JD.com and Alibaba create indexes to identify Chinese shoppers’ spending trends, which help retailers gain insight.
The search engine acts to ensure that bad reviews don’t raise a retailer’s search ranking.
Google Inc. announced this week that it had changed the way it ranks retail sites to ensure that abusive retailers don’t move up in natural search rankings as a result of consumer complaints posted on online forums.
The search engine acted quickly following Sunday’s publication by the New York Times of a major article suggesting that an online retailer of designer eyewear, DecorMyEyes.com, was benefiting from the many complaints consumers were posting about the retailer’s poor service, profane language and threatening behavior.
“Being bad to customers is bad for business on Google,” Amit Singhal, a Google fellow, wrote in a post to the Google blog yesterday.
Singhal said Google had identified hundreds of merchants, including the one mentioned in the New York Times article, “that, in our opinion, provide an extremely poor user experience.” He did not specify how Google would treat those merchants or how it identifies bad retailers. But he said Google had already implemented a change to the way it ranks these retailers “and Google users are now getting a better experience as a result.”
The newspaper article suggested that DecorMyEyes.com benefited from the many negative comments about it on consumer review sites—RipOffReport.com says there are more than 100 complaints about the e-retailer on its site—because those postings contained links from authoritative sites to DecorMyEyes.com, and that search engines like Google give credit for any link to a web site, regardless of whether the comment is positive or negative.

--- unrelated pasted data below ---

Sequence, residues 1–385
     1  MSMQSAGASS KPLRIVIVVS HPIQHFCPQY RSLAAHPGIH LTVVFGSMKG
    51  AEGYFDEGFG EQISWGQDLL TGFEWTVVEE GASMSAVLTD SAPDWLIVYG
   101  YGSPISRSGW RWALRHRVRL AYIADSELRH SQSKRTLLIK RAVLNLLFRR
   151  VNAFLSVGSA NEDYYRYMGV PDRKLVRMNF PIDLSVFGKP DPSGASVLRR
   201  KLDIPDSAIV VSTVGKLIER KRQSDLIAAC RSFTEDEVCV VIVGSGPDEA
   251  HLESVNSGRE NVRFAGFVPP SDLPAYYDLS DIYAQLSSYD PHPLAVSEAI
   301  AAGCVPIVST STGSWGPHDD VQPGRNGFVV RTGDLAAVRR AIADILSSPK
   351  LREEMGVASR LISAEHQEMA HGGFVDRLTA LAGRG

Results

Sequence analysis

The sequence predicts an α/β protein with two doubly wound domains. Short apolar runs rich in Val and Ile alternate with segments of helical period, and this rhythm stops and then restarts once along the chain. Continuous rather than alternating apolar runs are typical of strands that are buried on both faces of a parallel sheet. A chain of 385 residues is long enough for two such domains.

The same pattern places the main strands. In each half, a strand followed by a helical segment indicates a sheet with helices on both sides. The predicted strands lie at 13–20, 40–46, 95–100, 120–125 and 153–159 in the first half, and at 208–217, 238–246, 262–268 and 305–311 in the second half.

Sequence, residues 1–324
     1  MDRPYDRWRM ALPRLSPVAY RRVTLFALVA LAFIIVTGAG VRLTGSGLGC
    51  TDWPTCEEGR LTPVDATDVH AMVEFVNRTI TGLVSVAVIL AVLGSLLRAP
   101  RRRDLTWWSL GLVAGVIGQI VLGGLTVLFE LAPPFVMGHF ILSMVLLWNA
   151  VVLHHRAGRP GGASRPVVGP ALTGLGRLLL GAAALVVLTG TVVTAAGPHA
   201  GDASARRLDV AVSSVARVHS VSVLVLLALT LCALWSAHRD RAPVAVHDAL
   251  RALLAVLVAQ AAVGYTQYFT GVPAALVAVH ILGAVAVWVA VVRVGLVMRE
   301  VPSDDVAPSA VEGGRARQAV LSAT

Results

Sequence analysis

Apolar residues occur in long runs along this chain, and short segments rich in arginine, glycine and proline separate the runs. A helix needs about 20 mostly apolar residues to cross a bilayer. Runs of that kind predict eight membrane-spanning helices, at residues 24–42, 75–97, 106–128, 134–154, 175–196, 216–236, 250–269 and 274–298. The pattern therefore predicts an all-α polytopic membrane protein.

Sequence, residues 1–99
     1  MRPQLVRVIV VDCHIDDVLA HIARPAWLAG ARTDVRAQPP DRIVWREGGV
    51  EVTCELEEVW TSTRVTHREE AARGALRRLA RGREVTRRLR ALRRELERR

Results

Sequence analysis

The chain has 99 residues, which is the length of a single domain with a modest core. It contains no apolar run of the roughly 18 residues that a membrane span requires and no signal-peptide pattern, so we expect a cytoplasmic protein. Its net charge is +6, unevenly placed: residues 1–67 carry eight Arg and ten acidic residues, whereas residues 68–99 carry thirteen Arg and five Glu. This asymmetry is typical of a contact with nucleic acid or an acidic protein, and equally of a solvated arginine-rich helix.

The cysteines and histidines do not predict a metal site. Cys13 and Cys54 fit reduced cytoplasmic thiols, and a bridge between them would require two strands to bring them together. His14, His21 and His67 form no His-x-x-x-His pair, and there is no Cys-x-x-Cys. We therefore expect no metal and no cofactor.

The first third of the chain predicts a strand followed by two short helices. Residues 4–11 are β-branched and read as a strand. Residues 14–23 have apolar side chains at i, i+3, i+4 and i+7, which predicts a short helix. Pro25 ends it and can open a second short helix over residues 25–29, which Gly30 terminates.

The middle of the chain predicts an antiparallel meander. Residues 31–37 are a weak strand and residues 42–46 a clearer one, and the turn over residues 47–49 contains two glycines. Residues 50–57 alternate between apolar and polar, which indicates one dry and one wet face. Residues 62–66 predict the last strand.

Singhal confirmed in yesterday’s post that Google does not analyze the sentiment in posts that contain links. “If we demoted web pages that have negative comments against them, you might not be able to find information about many elected officials, not to mention a lot of important but controversial concepts,” he wrote.
In fact, the Times says the operator of DecorMyEyes.com, who the newspaper identified as Vitaly Borker, goaded customers into posting complaints on web forums, knowing those pans would boost his ranking in Google and other search engines. That was backed up by a post by Thor Muller, chief technology officer of Get Satisfaction, which operates one of the consumer commentary sites mentioned in the New York Times article. According to Muller, Borker posted the following comment on GetSatisfaction.com: “The more replies you people post, the more business and the more hits and sales I get. My goal is NEGATIVE advertisement.
Contacted by Internet Retailer about an interview, an unnamed individual at DecorMyEyes.com responded by e-mail: “I have sent this inquiry to our attorney for resolution. If and when she says it’s a go I will be in touch until then.”